When masculine adjectives end in -s or -x they don’t change in the plural from.

  • un garçon français (a french boy), des garcons français (French boys)
  • un homme courageux (a brave man), des hommes courageux (brave men)

Masculine adjectives ending in -al in the singular end in -aux in the plural.

  • un homme génial (a great man), des hommes homme géniaux (great men)

Masculine adjectives ending in -eau take an -x in the plural form.

  • un beau paysage (a beautiful landscape), de beaux paysages (beautiful landscapes)
  • un nouveau camion (a new truck), de nouveaux camions (new trucks)

Adjectives that can come both before and after the noun

Some adjectives in French can come both before and after the noun. In these situations the meaning of the adjective changes. Here are some examples.

  • ancien = former, old
    un ancien ami (a former friend), un ancien livre (an old book)
  • cher = expensive, dear
    un cher ami (a dear friend), une voiture chère (an expensive car)
  • propre = one’s own, clean
    ma propre voiture (my own car), une voiture propre (a clean car)
  • pauvre = poor (pity), economically poor
    mon pauvre ami (my poor friend), un pays pauvre (a poor country)
  • prochain = next in a series, next
    la prochiane semaine (next week in a series of weeks), la semamine prochaine (next week)
  • dernier = last in a series, last
    la dernier mois (last month in a series of months), le mois dernier (last month)
French adjective ancien

30 Most Common French adjectives

Are you looking for a list of top French adjectives which you can memorize? In the table below you’ll find the top-30 most commonly used French adjectives in both the masculine and feminine forms.

old vieuxvieille
inexpensivebon marchébon marché
stupid stupidestupide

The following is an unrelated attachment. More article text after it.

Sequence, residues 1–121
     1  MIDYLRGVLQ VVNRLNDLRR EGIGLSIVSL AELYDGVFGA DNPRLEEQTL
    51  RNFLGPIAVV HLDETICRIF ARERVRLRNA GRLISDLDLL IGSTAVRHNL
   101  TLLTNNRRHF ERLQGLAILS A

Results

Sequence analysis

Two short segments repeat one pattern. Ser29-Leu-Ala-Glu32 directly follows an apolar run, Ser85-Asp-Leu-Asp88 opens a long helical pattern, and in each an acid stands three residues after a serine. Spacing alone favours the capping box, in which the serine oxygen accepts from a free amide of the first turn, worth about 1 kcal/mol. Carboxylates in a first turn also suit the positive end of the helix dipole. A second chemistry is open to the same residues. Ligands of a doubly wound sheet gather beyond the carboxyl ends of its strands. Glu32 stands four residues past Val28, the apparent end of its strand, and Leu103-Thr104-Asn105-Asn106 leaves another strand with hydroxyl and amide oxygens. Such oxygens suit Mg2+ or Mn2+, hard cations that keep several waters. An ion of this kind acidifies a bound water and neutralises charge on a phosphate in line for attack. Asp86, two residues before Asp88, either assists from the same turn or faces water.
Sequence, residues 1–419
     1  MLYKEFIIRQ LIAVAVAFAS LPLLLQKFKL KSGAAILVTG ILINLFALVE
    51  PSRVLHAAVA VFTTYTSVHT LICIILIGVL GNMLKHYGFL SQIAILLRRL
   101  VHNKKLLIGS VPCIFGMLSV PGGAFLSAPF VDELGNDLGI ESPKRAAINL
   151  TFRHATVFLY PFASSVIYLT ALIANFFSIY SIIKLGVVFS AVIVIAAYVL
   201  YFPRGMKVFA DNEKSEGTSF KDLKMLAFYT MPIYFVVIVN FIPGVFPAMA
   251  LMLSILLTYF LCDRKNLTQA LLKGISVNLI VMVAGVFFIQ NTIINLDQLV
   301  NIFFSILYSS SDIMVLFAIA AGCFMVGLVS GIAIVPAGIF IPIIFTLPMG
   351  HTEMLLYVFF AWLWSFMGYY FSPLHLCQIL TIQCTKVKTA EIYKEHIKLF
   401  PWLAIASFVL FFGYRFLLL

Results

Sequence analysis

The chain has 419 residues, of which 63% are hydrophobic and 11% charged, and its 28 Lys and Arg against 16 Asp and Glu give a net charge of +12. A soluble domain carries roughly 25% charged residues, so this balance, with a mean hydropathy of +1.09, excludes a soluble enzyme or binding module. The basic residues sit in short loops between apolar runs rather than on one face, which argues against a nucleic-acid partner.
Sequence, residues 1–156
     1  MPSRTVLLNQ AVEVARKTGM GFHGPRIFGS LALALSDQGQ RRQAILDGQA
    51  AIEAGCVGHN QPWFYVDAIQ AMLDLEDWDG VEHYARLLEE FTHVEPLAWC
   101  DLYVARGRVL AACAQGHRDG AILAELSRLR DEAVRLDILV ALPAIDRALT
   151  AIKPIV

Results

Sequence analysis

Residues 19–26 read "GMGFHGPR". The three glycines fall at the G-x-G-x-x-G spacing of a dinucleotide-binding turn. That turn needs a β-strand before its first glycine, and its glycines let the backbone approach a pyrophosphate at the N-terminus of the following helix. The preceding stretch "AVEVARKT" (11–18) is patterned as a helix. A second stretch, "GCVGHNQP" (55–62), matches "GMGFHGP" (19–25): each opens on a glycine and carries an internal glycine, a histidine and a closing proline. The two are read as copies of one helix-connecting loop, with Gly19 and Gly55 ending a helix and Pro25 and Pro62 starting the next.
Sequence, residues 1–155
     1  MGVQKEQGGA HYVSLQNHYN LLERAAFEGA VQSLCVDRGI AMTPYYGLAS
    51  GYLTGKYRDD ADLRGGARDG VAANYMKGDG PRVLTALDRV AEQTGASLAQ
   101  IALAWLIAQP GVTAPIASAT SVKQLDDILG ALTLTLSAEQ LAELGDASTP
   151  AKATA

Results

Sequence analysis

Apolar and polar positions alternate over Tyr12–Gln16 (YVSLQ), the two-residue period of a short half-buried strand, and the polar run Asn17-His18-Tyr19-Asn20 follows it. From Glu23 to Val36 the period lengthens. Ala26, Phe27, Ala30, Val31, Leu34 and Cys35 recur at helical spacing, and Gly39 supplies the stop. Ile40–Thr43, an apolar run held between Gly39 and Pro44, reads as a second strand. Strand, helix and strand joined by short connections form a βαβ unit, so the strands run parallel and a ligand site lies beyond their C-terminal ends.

Discover more:

Additional Resources

Sharing is caring!

Affiliate disclosure: Below you will find affiliate links. If you purchase something after clicking the link, we will receive a small commission. To learn more please visit our full disclosure page. Merci!

Sign up to download your free trial of À Moi Paris a French course which I recommend to my personal students to help with pronunciation, vocabulary and grammar. After that, upgrade for access to 77 hours of audio lessons.

Read our full review of À Moi Paris and find out why we love it so much!

Are you struggling with French verb conjugations? Then we highly recommend French Today's French Verb Drills course. Get over 28 hours of audio exercises to build reflexes and dramatically improve your French level and confidence.

Read our full review of French Verb Drills and find out why we recommend this course!

David Issokson

David Issokson is a lifelong language enthusiast. His head is swimming with words and sounds as he speaks over six languages. Of all the languages he speaks, he's the most passionate about French! David has helped hundreds of students to improve their French in his private online lessons. When procrastinating working on his site,, David enjoys his time skiing and hiking in Teton Valley, Idaho.

See all posts by